Each year since 1975, more men than women have died in car accidents.

Who Has Riskier Driving Behaviors: Men or Women?

Compared with women, men log more miles on the road, but does that mean they are at a higher risk for a motor vehicle accident?

Recent research indicates that they are.

A new study published in the journal Injury Prevention used four kinds of official data from 2005 to 2015 to analyze the risk posed to others by a person’s use of a certain type of vehicle. After studying the operators of bicycles, automobiles/taxis, vans, buses, commercial trucks, and motorcycles, the researchers concluded that men were more dangerous to other road users in five of the six modes of transportation:

  • Compared with female drivers, male drivers of passenger cars and vans were found to pose double the danger to others.
  • Male truck drivers posed four times the risk to others than women.
  • Male motorcyclists presented more than 10 times the danger that women do.

The researchers also studied which types of transportation were the riskiest and found that cars and taxis were involved in approximately two-thirds of all the fatalities reported.

Another study conducted by the U.S. Department of Transportation’s Fatality Analysis Reporting System (FARS) found that men are much more likely than women to be killed or injured in motor vehicle crashes:

  • From 1975 to 2018, twice as many men as women died in automobile accidents nearly every year.
  • Males accounted for 71 percent of all the deaths occurring in motor vehicle accidents in 2018.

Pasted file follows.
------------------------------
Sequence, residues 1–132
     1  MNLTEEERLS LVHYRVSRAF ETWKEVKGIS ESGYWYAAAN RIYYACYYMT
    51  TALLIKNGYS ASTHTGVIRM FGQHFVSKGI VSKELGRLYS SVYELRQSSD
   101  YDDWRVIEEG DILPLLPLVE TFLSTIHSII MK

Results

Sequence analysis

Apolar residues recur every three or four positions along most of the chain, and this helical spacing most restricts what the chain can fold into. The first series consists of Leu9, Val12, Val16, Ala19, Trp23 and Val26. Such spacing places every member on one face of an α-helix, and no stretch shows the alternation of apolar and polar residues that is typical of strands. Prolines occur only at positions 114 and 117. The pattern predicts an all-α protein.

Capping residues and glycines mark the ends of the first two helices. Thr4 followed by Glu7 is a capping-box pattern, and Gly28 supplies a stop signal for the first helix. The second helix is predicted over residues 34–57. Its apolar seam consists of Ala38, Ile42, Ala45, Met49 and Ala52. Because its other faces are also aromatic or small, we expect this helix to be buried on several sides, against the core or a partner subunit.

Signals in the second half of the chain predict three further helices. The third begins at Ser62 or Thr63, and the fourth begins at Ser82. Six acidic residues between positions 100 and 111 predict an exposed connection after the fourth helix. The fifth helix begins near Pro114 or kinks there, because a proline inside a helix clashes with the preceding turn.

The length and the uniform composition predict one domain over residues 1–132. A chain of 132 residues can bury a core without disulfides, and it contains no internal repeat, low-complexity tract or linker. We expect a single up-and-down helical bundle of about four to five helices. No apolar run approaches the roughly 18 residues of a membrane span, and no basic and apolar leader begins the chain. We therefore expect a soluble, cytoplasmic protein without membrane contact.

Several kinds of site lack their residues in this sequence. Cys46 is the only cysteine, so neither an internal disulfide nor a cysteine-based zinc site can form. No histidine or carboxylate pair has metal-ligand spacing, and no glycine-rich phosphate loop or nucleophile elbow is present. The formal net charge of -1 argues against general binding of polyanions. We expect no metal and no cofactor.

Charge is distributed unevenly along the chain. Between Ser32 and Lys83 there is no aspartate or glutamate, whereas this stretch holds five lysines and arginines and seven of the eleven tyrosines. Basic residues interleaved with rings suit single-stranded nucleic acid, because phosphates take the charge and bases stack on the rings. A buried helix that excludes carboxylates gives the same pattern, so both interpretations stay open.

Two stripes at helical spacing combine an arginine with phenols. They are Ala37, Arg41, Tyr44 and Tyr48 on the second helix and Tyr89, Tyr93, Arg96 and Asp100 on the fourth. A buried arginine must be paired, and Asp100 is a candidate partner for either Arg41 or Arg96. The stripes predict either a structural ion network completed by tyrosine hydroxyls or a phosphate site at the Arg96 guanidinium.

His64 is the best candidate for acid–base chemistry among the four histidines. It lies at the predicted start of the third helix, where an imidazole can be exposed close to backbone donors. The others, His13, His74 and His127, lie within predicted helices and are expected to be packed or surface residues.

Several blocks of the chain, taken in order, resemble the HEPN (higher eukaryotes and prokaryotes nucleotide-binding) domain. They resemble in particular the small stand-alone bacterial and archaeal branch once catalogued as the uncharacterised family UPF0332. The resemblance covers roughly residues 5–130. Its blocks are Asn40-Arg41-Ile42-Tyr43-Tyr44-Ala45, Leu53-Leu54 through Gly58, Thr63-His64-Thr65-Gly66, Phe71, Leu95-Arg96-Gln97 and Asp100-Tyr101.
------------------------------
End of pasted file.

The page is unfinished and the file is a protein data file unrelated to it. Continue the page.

• Eighty-six percent of all bicyclist deaths and 91 percent of all motorcyclist fatalities were men.
  • Death rates were significantly higher for men ages 16-29 compared with women in the same age bracket, but only marginally higher for ages 30 and older.

Why Auto Accident Fatality Rates Among Men Are Higher

Men have a greater degree of confidence behind the wheel, but women are safer drivers, according to research conducted by the insurance comparison website The Zebra. According to the survey:

  • Eighty-two percent of men surveyed felt “very confident” in their driving ability, compared with 74 percent of women.
  • Men are more likely than women to engage in risky driving behaviors such as speeding or driving while drowsy or under the influence of alcohol or drugs.
  • Statistics show that men are less likely to wear seat belts.
  • Each year since 1975, more men than women have died in car accidents.
  • Fatalities are much higher for males in accidents involving speeding and impaired driving.

The research indicated that overconfidence in driving ability does not necessarily lead to safe driving, and might ultimately lead to risky driving behaviors and fatal auto accidents.

The Gender Gap in Insurance Rates

Forty-three states and the District of Columbia currently allow gender-based price differences in car insurance rates. Since men are widely considered to be riskier drivers and more likely to be involved in fatal collisions than women, you might expect their car insurance premiums to be higher. However, 2019 research shows that women pay more for car insurance in 25 states, twice as many as just two years prior.

Were you injured in an automobile accident that was the result of another driver’s risky driving behavior? Contact Dan Rosen at (303) 454-8000 or (800) ROSEN-911 to schedule your free initial consultation with an experienced personal injury lawyer.

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